Like most New Yorkers, Denton Callander, a sex researcher at NYU, wants to look good naked. But this year he had a specific and thorny deadline: the annual Mid-Atlantic Leather convention is a weekend-long gay circuit party that began on January 18. So Callander, who wanted to look “shredded” (his word), maintained a ketogenic diet for the month of January.
Afterwards? “The greasiest hamburger ever, eaten in bed at 5 a.m. on Sunday morning — my birthday; a pitcher of Bloody Marys around 10 a.m.; pancakes, fresh sourdough, eggs, and a birthday cake at noon; a bottle of champagne; several large pizzas for an afternoon snack; another birthday cake for dinner; ending with a late-night supper of a Reuben sandwich with fries and a chocolate milkshake,” he recounts with obvious glee. “The only reason to withhold anything from yourself is the sheer delight of indulging in it later.”
Check your calendar: It is February, and it is best the month of the year to embrace wanton hedonism. January is the cabin fever of months, and a time when most of us swear off something good; March offers at least some hope that spring will soon arrive. But February is the doldrums of winter, a month when self-care can, and should, take priority. (Some etymologists link the word “February” to the Latin word for “fever,” and that resonates emotionally, if not historically.) Call it the February Crush: 28 days that more or less demand excess after a month of cultural pressure to abstain.
Samantha Paull lives in Washington Heights and adopted a Whole 30 diet for January. When she realized the crunchiest thing she’d be able to eat were baby carrots, nachos became a fixation — specifically the chicken tinga nachos from her local Rincón Mexicana (“I think they put avocado in the sour cream and it’s just beautiful”). She fantasized about nacho strategy (“top or edge, for sure, not the soggy excuse for a middle”) and dodged the GrubHub email reminders prodding her to rekindle her relationship with her stomach’s true love. By the time the Super Bowl rolled around this past week, Paull had lost ten pounds and “had every intention to eat that back on in a night.”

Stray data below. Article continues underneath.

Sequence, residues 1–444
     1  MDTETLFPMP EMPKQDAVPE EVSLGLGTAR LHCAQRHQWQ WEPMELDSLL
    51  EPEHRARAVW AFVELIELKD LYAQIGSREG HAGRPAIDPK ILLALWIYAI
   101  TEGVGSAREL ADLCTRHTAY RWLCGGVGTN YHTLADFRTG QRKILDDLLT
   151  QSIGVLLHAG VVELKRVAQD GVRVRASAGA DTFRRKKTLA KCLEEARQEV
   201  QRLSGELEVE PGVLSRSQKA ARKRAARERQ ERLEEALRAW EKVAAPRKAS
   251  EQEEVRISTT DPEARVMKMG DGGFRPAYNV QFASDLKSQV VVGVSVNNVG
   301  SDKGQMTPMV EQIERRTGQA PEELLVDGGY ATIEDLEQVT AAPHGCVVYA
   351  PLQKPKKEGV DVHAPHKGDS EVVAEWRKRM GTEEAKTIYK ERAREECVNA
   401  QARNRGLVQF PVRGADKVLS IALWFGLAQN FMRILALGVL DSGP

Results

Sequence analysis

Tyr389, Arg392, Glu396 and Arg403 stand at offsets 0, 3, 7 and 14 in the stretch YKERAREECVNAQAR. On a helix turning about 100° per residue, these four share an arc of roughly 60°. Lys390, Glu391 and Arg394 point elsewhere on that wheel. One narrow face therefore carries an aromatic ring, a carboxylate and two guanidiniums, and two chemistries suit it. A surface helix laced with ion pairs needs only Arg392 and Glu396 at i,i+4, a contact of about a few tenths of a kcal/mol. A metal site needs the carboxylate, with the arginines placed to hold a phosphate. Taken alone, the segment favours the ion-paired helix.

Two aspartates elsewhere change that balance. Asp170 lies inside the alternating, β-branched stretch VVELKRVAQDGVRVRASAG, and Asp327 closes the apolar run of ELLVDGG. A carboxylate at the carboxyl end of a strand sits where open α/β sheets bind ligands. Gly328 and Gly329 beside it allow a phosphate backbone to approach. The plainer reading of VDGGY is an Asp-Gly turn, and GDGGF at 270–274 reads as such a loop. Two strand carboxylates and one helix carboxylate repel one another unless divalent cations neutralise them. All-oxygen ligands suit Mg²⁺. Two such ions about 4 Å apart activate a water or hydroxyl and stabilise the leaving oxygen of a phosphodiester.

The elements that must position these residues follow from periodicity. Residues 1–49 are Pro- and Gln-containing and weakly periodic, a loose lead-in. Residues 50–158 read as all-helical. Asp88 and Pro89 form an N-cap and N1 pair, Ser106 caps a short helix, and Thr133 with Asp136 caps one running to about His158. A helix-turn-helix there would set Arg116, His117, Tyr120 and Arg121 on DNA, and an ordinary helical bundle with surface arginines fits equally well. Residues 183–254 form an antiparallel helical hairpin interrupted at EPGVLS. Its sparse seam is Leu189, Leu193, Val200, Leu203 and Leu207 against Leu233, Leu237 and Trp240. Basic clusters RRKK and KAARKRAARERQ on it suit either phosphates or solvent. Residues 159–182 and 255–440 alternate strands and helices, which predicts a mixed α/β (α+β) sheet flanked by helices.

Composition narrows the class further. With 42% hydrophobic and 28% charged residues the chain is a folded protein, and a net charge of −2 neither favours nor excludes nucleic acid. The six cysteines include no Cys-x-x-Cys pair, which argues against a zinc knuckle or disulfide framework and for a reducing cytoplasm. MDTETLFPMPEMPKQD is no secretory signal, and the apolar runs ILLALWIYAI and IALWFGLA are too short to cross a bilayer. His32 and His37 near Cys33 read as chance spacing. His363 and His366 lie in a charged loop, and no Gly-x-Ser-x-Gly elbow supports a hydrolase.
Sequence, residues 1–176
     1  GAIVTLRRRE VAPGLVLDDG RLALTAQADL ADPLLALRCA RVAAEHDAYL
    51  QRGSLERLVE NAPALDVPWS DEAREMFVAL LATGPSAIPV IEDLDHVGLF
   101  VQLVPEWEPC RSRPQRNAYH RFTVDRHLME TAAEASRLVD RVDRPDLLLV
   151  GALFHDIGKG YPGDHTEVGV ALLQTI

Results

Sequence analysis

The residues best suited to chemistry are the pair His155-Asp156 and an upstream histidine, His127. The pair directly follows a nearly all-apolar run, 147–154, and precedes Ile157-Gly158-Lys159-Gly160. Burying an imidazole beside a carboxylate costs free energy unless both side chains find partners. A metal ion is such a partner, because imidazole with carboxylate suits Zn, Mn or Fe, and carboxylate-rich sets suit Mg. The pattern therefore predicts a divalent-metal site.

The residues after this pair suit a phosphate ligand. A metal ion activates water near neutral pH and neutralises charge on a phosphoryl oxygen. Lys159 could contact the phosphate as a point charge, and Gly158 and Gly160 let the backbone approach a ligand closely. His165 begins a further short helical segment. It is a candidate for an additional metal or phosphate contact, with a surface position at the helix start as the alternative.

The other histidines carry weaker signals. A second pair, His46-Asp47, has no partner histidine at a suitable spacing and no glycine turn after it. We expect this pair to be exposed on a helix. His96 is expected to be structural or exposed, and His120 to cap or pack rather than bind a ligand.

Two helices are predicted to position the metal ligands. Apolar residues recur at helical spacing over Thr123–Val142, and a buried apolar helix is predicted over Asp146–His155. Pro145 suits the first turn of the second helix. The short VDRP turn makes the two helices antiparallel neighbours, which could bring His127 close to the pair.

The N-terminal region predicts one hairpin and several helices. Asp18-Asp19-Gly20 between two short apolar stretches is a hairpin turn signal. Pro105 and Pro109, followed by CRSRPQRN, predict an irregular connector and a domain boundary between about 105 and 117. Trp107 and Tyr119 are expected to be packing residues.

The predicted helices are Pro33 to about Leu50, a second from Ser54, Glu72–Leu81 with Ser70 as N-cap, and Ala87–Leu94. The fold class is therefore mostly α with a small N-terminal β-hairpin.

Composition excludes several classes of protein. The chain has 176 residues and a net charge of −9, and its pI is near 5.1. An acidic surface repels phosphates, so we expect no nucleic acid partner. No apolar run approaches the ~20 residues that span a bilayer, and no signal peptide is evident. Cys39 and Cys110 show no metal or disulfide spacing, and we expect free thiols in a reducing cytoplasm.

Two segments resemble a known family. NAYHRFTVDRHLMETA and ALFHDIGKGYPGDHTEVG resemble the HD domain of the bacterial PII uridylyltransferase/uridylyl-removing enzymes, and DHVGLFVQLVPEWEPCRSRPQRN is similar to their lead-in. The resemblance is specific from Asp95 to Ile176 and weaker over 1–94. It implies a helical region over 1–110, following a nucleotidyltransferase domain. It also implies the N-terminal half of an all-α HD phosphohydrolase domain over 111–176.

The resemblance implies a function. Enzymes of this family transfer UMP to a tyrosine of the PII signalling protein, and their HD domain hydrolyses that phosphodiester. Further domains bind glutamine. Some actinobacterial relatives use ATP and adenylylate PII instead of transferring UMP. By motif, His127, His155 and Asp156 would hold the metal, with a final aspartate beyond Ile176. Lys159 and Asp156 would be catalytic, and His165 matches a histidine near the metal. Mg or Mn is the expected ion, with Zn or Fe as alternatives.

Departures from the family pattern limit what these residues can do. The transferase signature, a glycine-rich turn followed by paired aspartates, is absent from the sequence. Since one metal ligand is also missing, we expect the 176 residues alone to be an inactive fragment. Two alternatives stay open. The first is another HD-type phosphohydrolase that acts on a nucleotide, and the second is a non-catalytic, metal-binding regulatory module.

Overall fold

Lucas Womack, a bartender from Ridgewood, also did Whole 30. “Something about it made me want to rebel really badly. I have a side of me that wants to wreck anything cleansing,” he says. “This time I wanted cake, any cake. Maybe because I was watching the Great British Bake-Off, which is a celebration of everything I didn’t want to do.”
I went vegetarian for January and weighed two options against each other to celebrate the end of my relatively healthy month: either the sumptuous roast watermelon at Ducks Eatery as a vegetarian capstone, or the insane umami orgy of slow-cooked octopus and bone marrow fusilli along with the off-menu beggar’s chicken (which must be ordered 24 hours in advance, and involves an entire roast chicken wrapped in lotus leaves that’s baked inside bread) at August Gatherings in Chinatown. The orgy won. That it was an early Lunar New Year feast with a Taiwanese friend was, in all honesty, the flimsiest of excuses.
For those of us who live in New York, ignoring the city’s bounty of culinary indulgence is like ignoring Central Park — it’s inherent to the experience of living here. Those indulgences can arrive in forms that are as casual as a slice of pizza from Koronet or a frozen s’more at Dominique Ansel Bakery. They can be as crazily sybaritic as the tuna rib at Mifune or the coral reef of shaved foie gras at The Pool. The pastrami at Katz’s inspired an entire gallery of artwork and the beef-brisket pizza at Zero Otto Nove is a beacon second only to the Statue of Liberty. At the end of the day — last call, specifically — if there is a point to enduring the city’s constant inconveniences without also getting to try “The Plate” at Daddy-O, we would rather not know what that is.
Spectacle can be its own spice. Sometimes it’s in the presentation, as with The Aviary’s towering chicharrón, ROKC’s tomato cocktail in a conch shell, or the Tibetan pork ribs delivered to your table at Da Xi in a giant birdcage. The point is, it’s all a matter of taste — the only limit is your own imagination.
Callander — he of the greasy bed burgers and Bloody Mary pitchers — was raised in Canada and schooled in Australia. He only recently moved to New York, and he already adores “the grotesque relationship Americans have with food.” He notes that, “The most absurd dish I can imagine exists on a menu somewhere and a waiter will serve it to me without blinking.” On the day we spoke, he said, he’d eaten a mid-afternoon bowl of cheese fettuccine and homemade lemon chiffon pie. “Not to toot my own horn, but few have pushed the limits of gluttony as far as I have. It’s by far my favorite sin.”
Yet there should be nothing sinful feeling about the February Crush. This is not petty hedonism, and don’t let anyone glut-shame you into thinking so. Whether or not you have a valentine, this particular Crush isn’t just right — it’s entirely necessary.